by Dr. C.H. Weaver M.D. updated 5/2019
The US Food and Drug Administration (FDA) initially approved Yervoy™ (ipilimumab) for the treatment of melanoma that had spread to other sites or could not be surgically removed in 2011. Since then Yervoy's approval has expanded to all patients with advanced and earlier stage III disease. In addition Yervoy shows promise in the treatment of uveal-eye melanoma.
Yervoy® is a monoclonal antibody approved for the treatment of melanoma. Yervoy® targets a molecule known as CTLA4. CTLA4 is found on the surface of T cells and is thought to inhibit immune responses. By targeting this molecule, Yervoy® enhances the immune system’s response against tumor cells.
The initial phase III clinical trial that contributed to the approval of Yervoy involved 676 people with melanoma. All had melanoma that had stopped responding to other treatments and had spread or could not be surgically removed. Study participants were assigned to one of three treatment groups: 1) Yervoy plus an experimental anti-cancer vaccine (gp100); 2) Yervoy alone; or 3) the vaccine alone.
Overall survival was 10 months among patients treated with Yervoy (with or without the gp100 vaccine), compared with six months among patients treated with the gp100 vaccine alone. Survival at two years was 24% among patients treated with Yervoy alone and 14% among patients treated with the gp100 vaccine alone.
Severe autoimmune reactions occurred in 13% of patients treated with Yervoy. Patients who experience these reactions are advised to discontinue Yervoy and begin corticosteroid therapy. The company that will market Yervoy is collaborating with the FDA on a plan to inform healthcare providers and patients about the potential risks. This process is referred to as a Risk Evaluation and Mitigation Strategy (REMS).
Yervoy was the first new treatment approved for metastatic melanoma in more than a decade.
Yervoy in Stage III Melanoma
The first trial of the immunomodulator Yervoy® conducted in patients with stage III melanoma demonstrated an improvement by delaying cancer recurrence and improving survival.
Standard treatment for stage III melanoma typically involves surgery to remove the cancer. Because many patients will experience a recurrence following treatment with surgery alone, doctors have been searching for an appropriate therapy to be administered after surgery to improve outcomes.
In the current study a total of 951 patients over 18 years of age who underwent complete surgical removal of a stage III cutaneous melanoma were treated with either a placebo or Yervoy® and directly compared. Treatment with Yervoy®was every 3 weeks for 4 doses, then every 3 months for up to 3 years until completion, melanoma recurrence, or unacceptable toxicity.
At a median follow-up of 2.7 years from the initiation of this phase III trial, Yervoy® when utilized as adjuvant therapy both reduced the risk of melanoma recurrence and improved the duration of survival. Overall 46% of patients treated with Yervoy® were free of disease recurrence compared to 35% of patients treated with placebo. Patients survived without cancer recurrence an average of 26.1 months when treated with Yervoy® compared to only 17.1 months for placebo.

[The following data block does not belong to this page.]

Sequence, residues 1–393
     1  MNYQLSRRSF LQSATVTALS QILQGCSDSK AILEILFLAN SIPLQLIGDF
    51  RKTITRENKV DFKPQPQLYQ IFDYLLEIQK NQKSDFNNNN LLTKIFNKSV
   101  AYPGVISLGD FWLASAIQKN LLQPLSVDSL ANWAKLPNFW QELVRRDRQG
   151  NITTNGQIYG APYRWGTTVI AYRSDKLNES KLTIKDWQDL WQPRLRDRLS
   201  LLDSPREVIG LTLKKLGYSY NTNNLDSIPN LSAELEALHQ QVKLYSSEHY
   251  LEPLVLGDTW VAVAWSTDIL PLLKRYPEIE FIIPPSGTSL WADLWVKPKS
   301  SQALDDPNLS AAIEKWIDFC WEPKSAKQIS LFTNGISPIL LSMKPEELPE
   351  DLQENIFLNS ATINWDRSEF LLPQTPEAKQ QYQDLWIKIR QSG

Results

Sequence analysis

The demonstration that Yervoy® improves patient outcomes when used to treat stage III melanoma is the first significant advance in the management of earlier stage melanomas in years. Additional clinical trials will undoubtedly evaluate Yervoy® in stage II patients and explore combination with other novel melanoma therapies to see if outcomes can be further improved.
Richard Pazdur MD, director of the Office of Hematology and Oncology Products in FDA’s Center for Drug Evaluation and Research stated that “This new use of the drug in earlier stages of the disease builds on our understanding of the immune system’s interaction with cancer.”
Yervoy in Uveal Melanoma
The first trial of the immunomodulator Yervoy® conducted in patients with uveal melanoma appears promising in according to the results of a small clinical trial presented at the recent Society of Melanoma Research (SMR) 2014 International Congress, in Zurich, Switzerland.
Uveal melanoma is the most common cancer of the eye in adults, and the uvea is the second most common location for primary melanoma. Current treatment options are very limited and survival is poor due to early spread of the cancer to the liver.
Dr Piulats and colleagues treated 32 patients at 5 centers in Spain with progressive uveal melanoma that had not previously received any systemic therapy with Yervoy® given every 3 weeks for 4 doses, and then every 12 weeks until progression of melanoma, intolerance of the drug, or withdrawal from the trial.
After approximately 2 years of follow-up almost 25% of patients survive. The disease control rate was close to 50%, with stable disease seen in 39.7% and a partial response in 6.45%. There are few treatment options for individuals with uveal melanoma, and Yervoy®appears promising. This trial however was small and uncontrolled. Additional evaluation in appropriately designed studies with greater numbers of patients are required.
- J Clin Oncol 32:5s, 2014 (suppl; abstr LBA9008)
- Society of Melanoma Research (SMR) 2014 International Congress. The results that were reported in the poster presentation have been published in Pigment Cell Melanoma Research (Pigment Cell Melanoma Res 2014;27:1219).
- US Food and Drug Administration. FDA news release. FDA approved new treatment for a type of late-stage skin cancer. March 25, 2011.
- United States Food and Drug Administration. FDA News Release. FDA approves Yervoy to reduce the risk of melanoma returning after surgery. Available at: . Accessed October 29, 2015.
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